Tata first showed off the Hexa at the 2015 Geneva Auto Show. Then the brand showed what looked like a production-ready version at the 2016 Auto Expo in February and promised a launch soon after. Since then, the launch has been steadily pushed forward, and eight months later we have finally been given a drive experience of the brand's latest flagship. Why has it taken Tata so long? "We wanted to get it right." Can't argue with that!
Looks familiar doesn't it?
That's not entirely wrong -- nestled in the thoroughly restyled exterior is a similar headlamp shape and side profile to the erstwhile Tata Aria. A glance at the spec sheet shows that it shares the same wheelbase, which reminds that the Hexa is based on an upgraded Aria chassis. Why? Tata needed to get a fresh product out quickly, and developing a new platform from ground up would simply take too much time. Thus, the Hexa.
Despite the familiar silhouette, the Hexa is a handsome machine. The new upright bonnet line above the grille is a concept taken from the Land/Range Rovers and adds a lot of character as do the flat surfaces on the top of the new projector headlamps. Big air dams in the bumper housing both daytime running lamps and fog lamps add to the butch theme. Tata has tastefully injected some character into the side profile with a couple of kinks in the rear window line, and I really like the new tail lamps with those cool LED accent lights. Going with the new design are a set of giant 19-inch wheels, the biggest ever seen on an India-made car! The wheels are wrapped in MRF Wanderer S/L tyres that have been specifically made for the Hexa. While they look great, bear in mind that such large tyres will probably be quite expensive to replace.
Huge 19-inch wheels the biggest ever on an India-made passenger vehicle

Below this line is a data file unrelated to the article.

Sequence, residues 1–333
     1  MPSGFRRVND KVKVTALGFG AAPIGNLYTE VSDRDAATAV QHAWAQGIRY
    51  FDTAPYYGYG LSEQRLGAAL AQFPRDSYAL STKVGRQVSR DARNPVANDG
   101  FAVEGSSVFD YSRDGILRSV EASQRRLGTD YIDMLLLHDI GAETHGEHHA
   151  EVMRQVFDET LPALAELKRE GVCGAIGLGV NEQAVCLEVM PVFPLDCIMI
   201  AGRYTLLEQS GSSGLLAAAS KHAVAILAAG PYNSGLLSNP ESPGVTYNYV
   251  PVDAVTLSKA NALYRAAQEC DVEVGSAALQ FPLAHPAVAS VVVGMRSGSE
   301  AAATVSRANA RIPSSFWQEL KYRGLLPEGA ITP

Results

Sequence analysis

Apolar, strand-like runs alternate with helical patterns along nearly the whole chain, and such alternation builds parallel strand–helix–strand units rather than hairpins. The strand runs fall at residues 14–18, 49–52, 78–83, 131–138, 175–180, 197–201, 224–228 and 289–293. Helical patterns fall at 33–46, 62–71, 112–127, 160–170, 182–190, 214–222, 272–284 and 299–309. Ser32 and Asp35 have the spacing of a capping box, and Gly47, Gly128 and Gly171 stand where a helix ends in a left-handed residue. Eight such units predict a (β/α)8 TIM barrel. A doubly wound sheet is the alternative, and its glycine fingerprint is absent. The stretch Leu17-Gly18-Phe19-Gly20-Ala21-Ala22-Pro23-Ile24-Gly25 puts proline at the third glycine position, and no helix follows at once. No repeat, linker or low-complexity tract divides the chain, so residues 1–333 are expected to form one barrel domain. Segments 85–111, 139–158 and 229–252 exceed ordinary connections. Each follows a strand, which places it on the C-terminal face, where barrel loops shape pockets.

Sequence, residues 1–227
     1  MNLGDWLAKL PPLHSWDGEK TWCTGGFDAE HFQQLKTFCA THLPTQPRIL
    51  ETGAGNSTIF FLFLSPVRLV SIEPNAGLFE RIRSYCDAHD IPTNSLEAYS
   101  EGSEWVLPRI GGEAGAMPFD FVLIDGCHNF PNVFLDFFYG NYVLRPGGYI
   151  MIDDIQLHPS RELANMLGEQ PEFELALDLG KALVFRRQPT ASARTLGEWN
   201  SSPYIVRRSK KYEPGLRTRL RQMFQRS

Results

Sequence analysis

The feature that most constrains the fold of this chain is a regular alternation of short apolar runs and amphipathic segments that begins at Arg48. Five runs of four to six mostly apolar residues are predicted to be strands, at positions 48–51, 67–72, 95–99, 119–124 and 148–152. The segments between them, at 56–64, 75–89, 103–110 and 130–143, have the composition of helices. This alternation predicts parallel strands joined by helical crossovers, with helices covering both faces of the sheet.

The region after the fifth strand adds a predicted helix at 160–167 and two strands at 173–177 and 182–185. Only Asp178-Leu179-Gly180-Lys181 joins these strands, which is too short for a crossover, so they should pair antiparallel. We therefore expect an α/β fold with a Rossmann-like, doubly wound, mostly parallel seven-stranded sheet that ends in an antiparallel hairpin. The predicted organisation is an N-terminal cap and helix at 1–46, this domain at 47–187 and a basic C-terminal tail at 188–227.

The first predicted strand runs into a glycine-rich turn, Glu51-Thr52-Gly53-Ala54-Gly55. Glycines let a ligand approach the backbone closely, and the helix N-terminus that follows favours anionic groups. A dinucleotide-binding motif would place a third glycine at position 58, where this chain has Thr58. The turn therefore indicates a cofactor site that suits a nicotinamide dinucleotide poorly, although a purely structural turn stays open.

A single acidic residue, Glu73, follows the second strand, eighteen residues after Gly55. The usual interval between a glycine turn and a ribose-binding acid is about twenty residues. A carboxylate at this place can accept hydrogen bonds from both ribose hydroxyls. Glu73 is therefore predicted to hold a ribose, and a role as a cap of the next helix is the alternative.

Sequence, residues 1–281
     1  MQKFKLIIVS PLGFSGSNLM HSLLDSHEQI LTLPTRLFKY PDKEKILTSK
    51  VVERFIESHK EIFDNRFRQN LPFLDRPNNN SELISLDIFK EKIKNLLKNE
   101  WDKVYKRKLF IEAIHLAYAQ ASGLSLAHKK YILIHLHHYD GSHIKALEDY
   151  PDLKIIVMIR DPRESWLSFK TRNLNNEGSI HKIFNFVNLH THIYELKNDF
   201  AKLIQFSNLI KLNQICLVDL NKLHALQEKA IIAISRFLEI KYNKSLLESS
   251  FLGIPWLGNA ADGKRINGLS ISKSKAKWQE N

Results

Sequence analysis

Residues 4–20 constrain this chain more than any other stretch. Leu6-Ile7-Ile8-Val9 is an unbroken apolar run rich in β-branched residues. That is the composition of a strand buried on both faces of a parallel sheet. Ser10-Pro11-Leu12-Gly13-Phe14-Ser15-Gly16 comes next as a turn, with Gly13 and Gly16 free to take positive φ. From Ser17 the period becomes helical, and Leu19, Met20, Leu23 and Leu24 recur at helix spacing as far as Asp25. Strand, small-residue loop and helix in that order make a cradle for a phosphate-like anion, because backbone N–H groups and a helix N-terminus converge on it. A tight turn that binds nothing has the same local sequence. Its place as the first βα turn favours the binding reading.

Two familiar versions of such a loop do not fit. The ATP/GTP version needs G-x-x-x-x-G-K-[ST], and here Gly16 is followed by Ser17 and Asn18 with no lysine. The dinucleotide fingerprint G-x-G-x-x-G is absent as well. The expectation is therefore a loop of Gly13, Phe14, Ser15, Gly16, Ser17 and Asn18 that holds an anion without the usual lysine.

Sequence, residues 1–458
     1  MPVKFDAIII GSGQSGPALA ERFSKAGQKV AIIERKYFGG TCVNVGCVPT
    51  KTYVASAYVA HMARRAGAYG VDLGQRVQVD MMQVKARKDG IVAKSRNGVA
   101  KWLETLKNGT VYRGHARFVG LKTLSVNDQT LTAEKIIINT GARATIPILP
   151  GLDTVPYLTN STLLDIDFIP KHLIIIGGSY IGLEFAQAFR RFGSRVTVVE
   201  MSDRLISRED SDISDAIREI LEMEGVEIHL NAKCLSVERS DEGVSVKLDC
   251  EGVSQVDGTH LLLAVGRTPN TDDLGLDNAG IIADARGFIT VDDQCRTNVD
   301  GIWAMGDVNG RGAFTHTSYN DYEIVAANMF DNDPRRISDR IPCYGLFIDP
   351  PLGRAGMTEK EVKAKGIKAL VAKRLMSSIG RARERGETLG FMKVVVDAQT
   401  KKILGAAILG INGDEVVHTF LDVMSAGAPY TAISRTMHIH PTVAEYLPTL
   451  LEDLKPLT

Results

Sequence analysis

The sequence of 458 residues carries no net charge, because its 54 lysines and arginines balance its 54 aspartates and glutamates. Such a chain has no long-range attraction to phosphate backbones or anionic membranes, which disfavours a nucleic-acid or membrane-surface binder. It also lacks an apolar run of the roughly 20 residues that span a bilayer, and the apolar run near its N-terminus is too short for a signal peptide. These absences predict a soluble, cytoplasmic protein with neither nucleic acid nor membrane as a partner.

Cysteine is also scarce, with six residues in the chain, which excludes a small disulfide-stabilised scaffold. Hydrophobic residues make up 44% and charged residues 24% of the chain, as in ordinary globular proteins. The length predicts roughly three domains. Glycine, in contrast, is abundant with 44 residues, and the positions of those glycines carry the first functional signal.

The Hexa sees an even bigger upgrade inside, with a new and premium-looking dashboard that makes generous use of piano black and chrome. Another JLR-inspired theme comes in the faux stitching in the soft touch material that runs across the centre of the dash. Mimicking the stitching in a leather-wrapped dash, the moulding is neatly executed and it doesn't look tacky or out of place. At the centre is a touchscreen system that isn't very high-res but the sound system makes up for it in spades. The JBL system has 10 speakers, and over 1,000 hours were spent in development to perfect the acoustics in this application. The result is a system that isn't simply heavy on the bass, but produces pleasingly clean and crisp sound with balanced sound levels around the cabin. To my ears, this is the best sound system on any sub-Rs 20 lakh vehicle.
There are comprehensive smartphone connectivity options and a number of purpose-built apps that can be used with the system. These include navigation, a digital vehicle manual and even a dedicated service app that allows you to view service costs, vehicle status at the workshop and more. The new instrument cluster has a smart-looking colour multi-information display, and the top model features auto headlamps and wipers. Occupants can choose from eight ambient light colours with customisable intensity, also customisable through an app. There's a cooled glovebox and the rear doors have retractable window blinds.